The land is unbeaten?
Rising property prices are attributed to a limited land supply; this is commonly understood among real estate industry insiders in Shenzhen. “In the long term, land supplies in Shenzhen will be very limited,” said Feng Yongheng, a research fellow with Midland Realty (Holdings) Limited. He believed that land cost is the key factor toward deciding housing prices in Shenzhen. Land prices will rise as the land supply for housing decreases, and then the house prices will continue to go up.
In 2006, the Shenzhen municipal government leased land consisting of 906,000 square meters for commercial and residential buildings. But in 2007 the government has leased only 409,000 square meters, according to the latest statistics.
The government has tightened up land supplies and held land sales via public auction, causing a shortage in land supplies. Property prices rose. According to an official document issued in 2006, the land supply for residential houses construction would decrease year by year after 2007.
Unexpectedly, many managers of house agencies did not agree with such a statement. “Many land auctions have failed recently and one reason for this is due to government controlled housing policies that keep purchasing costs artificially low. At the same time real estate developers still need to turn a profit on the market,” said Liang, holding the view that the overheated property market had led to increasing land prices.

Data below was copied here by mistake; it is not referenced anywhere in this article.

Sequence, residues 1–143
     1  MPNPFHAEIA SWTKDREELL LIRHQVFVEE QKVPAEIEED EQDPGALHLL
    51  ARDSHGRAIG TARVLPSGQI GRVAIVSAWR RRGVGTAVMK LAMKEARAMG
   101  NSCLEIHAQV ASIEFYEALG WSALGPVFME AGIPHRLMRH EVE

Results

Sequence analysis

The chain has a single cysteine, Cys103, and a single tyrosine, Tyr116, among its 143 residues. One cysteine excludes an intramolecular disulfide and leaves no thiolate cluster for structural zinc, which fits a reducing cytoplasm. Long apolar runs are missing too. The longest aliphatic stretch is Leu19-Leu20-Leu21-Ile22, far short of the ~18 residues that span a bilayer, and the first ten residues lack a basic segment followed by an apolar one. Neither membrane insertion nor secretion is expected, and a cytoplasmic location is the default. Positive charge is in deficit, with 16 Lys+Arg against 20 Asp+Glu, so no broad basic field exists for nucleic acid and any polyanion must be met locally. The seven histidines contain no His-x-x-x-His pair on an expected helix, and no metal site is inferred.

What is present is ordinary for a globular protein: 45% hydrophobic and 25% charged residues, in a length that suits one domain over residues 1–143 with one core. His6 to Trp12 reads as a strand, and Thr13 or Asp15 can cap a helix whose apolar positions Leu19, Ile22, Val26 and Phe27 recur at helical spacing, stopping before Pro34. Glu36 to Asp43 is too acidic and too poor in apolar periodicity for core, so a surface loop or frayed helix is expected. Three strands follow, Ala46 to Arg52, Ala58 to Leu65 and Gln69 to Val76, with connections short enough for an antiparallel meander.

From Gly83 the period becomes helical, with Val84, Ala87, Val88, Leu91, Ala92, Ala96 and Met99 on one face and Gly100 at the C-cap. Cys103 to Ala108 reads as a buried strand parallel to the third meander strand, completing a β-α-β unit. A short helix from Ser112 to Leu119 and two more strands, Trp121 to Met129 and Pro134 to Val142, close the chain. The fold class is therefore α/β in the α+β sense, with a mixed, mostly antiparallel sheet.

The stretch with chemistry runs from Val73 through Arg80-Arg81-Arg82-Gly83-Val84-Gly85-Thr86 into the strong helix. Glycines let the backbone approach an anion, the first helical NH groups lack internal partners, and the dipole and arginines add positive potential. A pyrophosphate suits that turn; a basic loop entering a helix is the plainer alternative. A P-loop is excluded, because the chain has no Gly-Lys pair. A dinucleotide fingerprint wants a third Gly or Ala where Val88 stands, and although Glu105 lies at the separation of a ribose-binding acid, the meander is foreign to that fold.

“Demand dictates price,” said Zou Jianmin, a real estate investor. He did not agree that land supply was a key factor in deciding housing prices.
In Shenzhen, six land auctions failed last December and an unsuccessful auction also took place in 2006.
“Developers have their bottom lines; building houses does not always make money,” said Wang Shuquan, General Manger of the Midland Realty (Holdings) Limited. He stressed economic laws, and he maintained that housing prices would decline.
However, most insiders think that the decisive factor behind the cooling real estate market in Shenzhen revolves around dwindling investments.
Statistics from the Shihua Real Estate indicate that several policies aimed at cooling down the property market went into effect, the ratio of deals for investment purposes lowered to 10 percent of all the trade volume in the property market, as compared to a maximum of 80 percent during the first half of 2007.
The launch by several banks of lucrative loans definitely influenced investor’s zeal. According to the long-term observation of house-mortgaging business conducted by the Shihua market research center, about 70 percent of house loan borrowers paid a down payment of less than 20 percent. As a result, last year many banks reached their annual line of credit by the third quarter.
Last year the Shenzhen Branch of the China Construction Bank called a halt on August 22 to dispersing credit toward real estate purchases. They were the first among all the commercial banks to do this. Other banks announced a suspension of their “mortgage transfer” business, thus not allowing other mortgage holding creditors to transfer their loan credits they obtained in one bank into another bank in order to get a second mortgage.